Newspaper exec who brought a million classified ads a year to Nottingham Post dies aged 82

David Teague, who has died aged 82, was one of the ‘giants’ of the regional newspaper industry’s halcyon days in the 1970s and 1980s and a major contributor to the development of newspaper advertising and promotion throughout the world.

David (pictured above with his wife Raye) joined T. Bailey Forman Ltd, then owners of the Nottingham Evening Post, in 1973 as advertisement director having been lured out of London, where he was an advertising executive with The Times, by TBF’s managing director, Christopher Pole-Carew.

He went on, as one of the pioneers of a revolution in revenue generation which transformed the British regional press, to develop classified advertising in the Post. From just a handful of ‘small ads’ when he took over, by the 1980s the Post was publishing more than a million a year. He also introduced advertisement-led  colour sections and inserts years before the national newspapers.

Under Christopher Pole-Carew’s stewardship the Nottingham Evening Post was always one step ahead of the rest of the UK newspaper industry in new technology and with David Teague leading simultaneous  innovations in advertising and marketing the paper became a world leader.  This led to David Teague becoming a leading light in the  International Newspaper Promotions Association – a worldwide organisation dedicated to sharing ideas, experience and expertise.

His tireless commitment and contribution to INPA led to him becoming its President and for a decade he was in constant demand as a speaker on international newspaper industry conference platforms all over the world – especially in the USA, where he was particularly highly regarded. He rejected several job offers from American newspaper companies.

David eventually became overall marketing director of T. Bailey Forman Ltd, with the added responsibility for newspaper sales and promotion. This appointment was made at the same time as Barrie Williams became the Post’s editor and the two men formed a formidable professional partnership, establishing a host of innovative initiatives, achieving record levels of pagination and newspaper sales achievements and picking up countless industry awards.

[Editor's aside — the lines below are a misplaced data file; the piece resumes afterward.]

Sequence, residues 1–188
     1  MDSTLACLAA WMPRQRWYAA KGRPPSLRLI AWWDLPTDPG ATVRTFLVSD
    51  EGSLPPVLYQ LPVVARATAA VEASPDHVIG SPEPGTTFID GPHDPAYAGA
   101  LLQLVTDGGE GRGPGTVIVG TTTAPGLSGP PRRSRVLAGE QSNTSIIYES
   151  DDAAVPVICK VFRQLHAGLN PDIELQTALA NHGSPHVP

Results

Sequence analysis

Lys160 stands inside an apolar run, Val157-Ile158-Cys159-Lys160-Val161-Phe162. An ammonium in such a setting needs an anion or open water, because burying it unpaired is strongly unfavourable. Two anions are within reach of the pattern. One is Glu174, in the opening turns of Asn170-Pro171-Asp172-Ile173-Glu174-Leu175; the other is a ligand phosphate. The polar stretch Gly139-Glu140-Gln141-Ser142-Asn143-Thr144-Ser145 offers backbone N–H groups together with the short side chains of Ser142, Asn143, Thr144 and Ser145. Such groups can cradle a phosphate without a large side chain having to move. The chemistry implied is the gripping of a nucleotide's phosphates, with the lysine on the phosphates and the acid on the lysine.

David Teague and Barrie Williams maintained that partnership as Directors of T. Bailey Forman for 10 years. Barrie, who now lives in Cornwall having left the editorship of the Western Morning News in 2005, said: “ Teaguey, as we always called him, was a genuine one-off. They broke the mould when they made him and he went on breaking moulds himself – invariably for the better – throughout a long and distinguished life.

"He was a consummate professional, totally dedicated to the newspaper industry to which he contributed enormously, locally in Nottinghamshire, nationally in the UK  and internationally through his extraordinary worldwide reputation. Those who worked for David will remember a very hard task master but one for whom they had great respect, admiration and affection. Those who worked with him will remember a marvellously supportive colleague always ready to listen, to advise and to enthuse. Me? I will remember one of the best friends I ever had and I will really miss him.”

Educated at Archbishop Tenisons Grammar School in London, David was a fighter plotter in the RAF before moving to Zambia where he worked in the motor trade. Returning to England he joined Thomson Regional Newspapers as a trainee manager. He was then classified sales manager of the Lancashire Evening Telegraph; the Morning Telegraph and The Star, Sheffield; the Belfast Telegraph and the Scotsman and Evening News in Edinburgh . He  then became commercial advisor to the managing director at the Lancashire Evening Telegraph group and commercial controller of the Western Mail and the South Wales Echo in Cardiff before being appointed classified advertisement director of Times Newspapers in London.

He died at his home in Radcliffe-on-Trent, Nottinghamshire at the weekend, from cancer. After surgery, he had declined chemotherapy treatment. He leaves his wife Raye, a  journalist who was the Evening Post’s Education Correspondent , four daughters – Lyndsay, Allie, Jo and Kate and seven grandchildren.  

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